On May 30th I attempted to fly to Edinburgh onboard the BA B767 in their Club cabin in order to write a review for you all. I missed the flight.
Thanks to a friendly flyertalker who read my blog post on the missed flight – I went back to have another go. This time, I made the flight! British Airways have seven B767s left in their fleet which once boasted 31. With all the long-haul configured aircraft now retired, the seven remaining aircraft are set up in a domestic configuration with 259 seats. The aircraft is, however, available to configure is several different ways. The first 17 rows are available to sell as ‘Club Europe’ seats (BA’s short haul business class product) but in practice it is very rare that all of these rows are used in CE (Club Europe) configuration. For my flight, the first five rows were configured for Club use. What this means is that the middle seat in the middle rows aren’t available to sell which gives the club passengers some extra comfort. To clearly show which seats are used for Club seating, white antimacassars are used. I flew onboard G-BZHB which is due to be retired in November 2018. I sat in seat 5A and had the only free seat in the whole of the club cabin next to me thanks to it being blocked for sale. The cabin may look tired but I found the old seats very comfortable for the 55 minute flight.
The aircraft is powered by 2 Rolls Royce RB211-524H engines, has 3 galleys and 8 toilets onboard.
British Airways’ Club passengers are allowed to use Terminal Five’s ‘FastTrack’ facility located to the left of BA’s A desks. Having slept very badly the night before, I decided to make my way to T5 bright and early to spend my time in the lounge instead of rolling around in bed and not sleeping. Arriving at T5 is very easy no matter what transport you take. I arrived on the 490 bus from Twickenham and was up in the departures hall 5 minutes later. If you have an early flight out of LHR then you should take note of my following mistake. To my surprise, T5 doesn’t actually open its check in desks until around 4.45 for the Edinburgh shuttle so I couldn’t check my bags before then. This resulted in a 30 minute wait in T5 for the bag check facility to open for my flight. Even if I had been able to drop my bags, however, the Galleries North lounge at T5 wouldn’t have let me in until 5am anyway. Once through security, I went to the South lounge for some breakfast and then positioned myself in the North lounge to watch the sunrise and landings on runway 27R. BA’s lounges are laid out nicely with a choice of pastries and rolls for breakfast and a wide selection of drinks.
I headed down to my A gate before the gates were announced to meet the crew as they arrived. I was met by cabin manager Elaine and her crew for the day who were more than happy to let me on early to get some shots of the aircraft. My passport and boarding pass were checked and I came down to the aircraft to have a look around.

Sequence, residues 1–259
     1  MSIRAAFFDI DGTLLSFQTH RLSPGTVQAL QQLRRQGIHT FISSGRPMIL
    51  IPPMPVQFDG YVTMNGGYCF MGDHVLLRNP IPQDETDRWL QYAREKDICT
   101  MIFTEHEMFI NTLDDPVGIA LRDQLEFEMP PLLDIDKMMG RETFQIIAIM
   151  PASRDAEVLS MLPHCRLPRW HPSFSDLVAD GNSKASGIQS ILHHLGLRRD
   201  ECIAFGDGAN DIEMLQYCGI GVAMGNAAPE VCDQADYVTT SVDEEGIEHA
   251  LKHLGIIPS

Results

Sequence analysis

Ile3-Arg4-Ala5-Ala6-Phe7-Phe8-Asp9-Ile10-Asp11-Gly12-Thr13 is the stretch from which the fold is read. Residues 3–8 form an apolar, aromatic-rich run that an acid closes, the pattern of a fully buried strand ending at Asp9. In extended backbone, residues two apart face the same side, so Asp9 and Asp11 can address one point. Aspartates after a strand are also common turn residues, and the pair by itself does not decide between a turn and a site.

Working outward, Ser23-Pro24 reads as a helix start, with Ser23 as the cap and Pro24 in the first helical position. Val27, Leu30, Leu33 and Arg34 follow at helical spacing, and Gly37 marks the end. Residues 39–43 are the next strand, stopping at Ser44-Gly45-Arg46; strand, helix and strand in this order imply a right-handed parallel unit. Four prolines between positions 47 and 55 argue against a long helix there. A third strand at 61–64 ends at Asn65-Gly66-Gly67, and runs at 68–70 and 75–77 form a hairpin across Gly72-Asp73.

I only had a few minutes before boarding began but it was really nice to check the cabin out and chat to the crew before the 767s get retired next year. Boarding was handled seamlessly and we pushed back and began our long taxi from T5 to 27L for takeoff. Service began while we were still on the ground as the crew brought hot towels round to the Club passengers. We banked right out of Heathrow and began our scenic cruise towards EDI. Breakfast (yes, my third of the day) was served very soon after takeoff and consisted of a full English and selection of bread roll of croissant. The basket of bread came around a few times during the flight, as did the offer of more drinks. I was very well looked after by the crew and (as always) ate far too much.
The crew that operate the 767s are known as ‘Eurofleet’ crew. They operate on the smaller jets (319,320,321) and the 767. I found the crew very welcoming and I could sense they were a lot more relaxed than many mixed fleet crew I have encountered on my BA travels. The 767s are fitted with overhead screens in the aisle but these were not used during our short trip. Newspapers and magazines are provided on boarding to all passengers, however. Seeing as the majority of the passengers were commuters, there was just about time to have a read of the morning papers before coming in to land.
The scenic route got even better as we began to descend into Scotland. As we hit water to the east of Edinburgh, we began to bank onto our final approach which offered a fantastic view of Edinburgh for those on the left of the aircraft. But as pictures speak a thousand words I’ll let you look at the slideshow below.
We landed at around 9am in Edinburgh and, as Club passengers, left the aircraft first. As a domestic arrival, no checks were needed and I was out the door 10 minutes later.
I had a really enjoyable flight with BA on their old girl the 767. I’ve on an A319/20 a handful of times but flying shorthaul on the 767 felt quite different. Firstly, I found the crew very relaxed and well organized. They stopped to chat with most of the club passengers onboard and seemed genuinely happy to be operating the flight. The space on the 767 also seemed a lot nicer than that in the Airbus fleet. Being a jet with two aisles makes it feel a lot more spacious and I liked that.
Flying on the 767 was a great experience to have before they become a thing of the past next year. I had a really enjoyable flight with British Airways and think the morning 767 shuttle is a great option for those wanting a stress-free ride to Edinburgh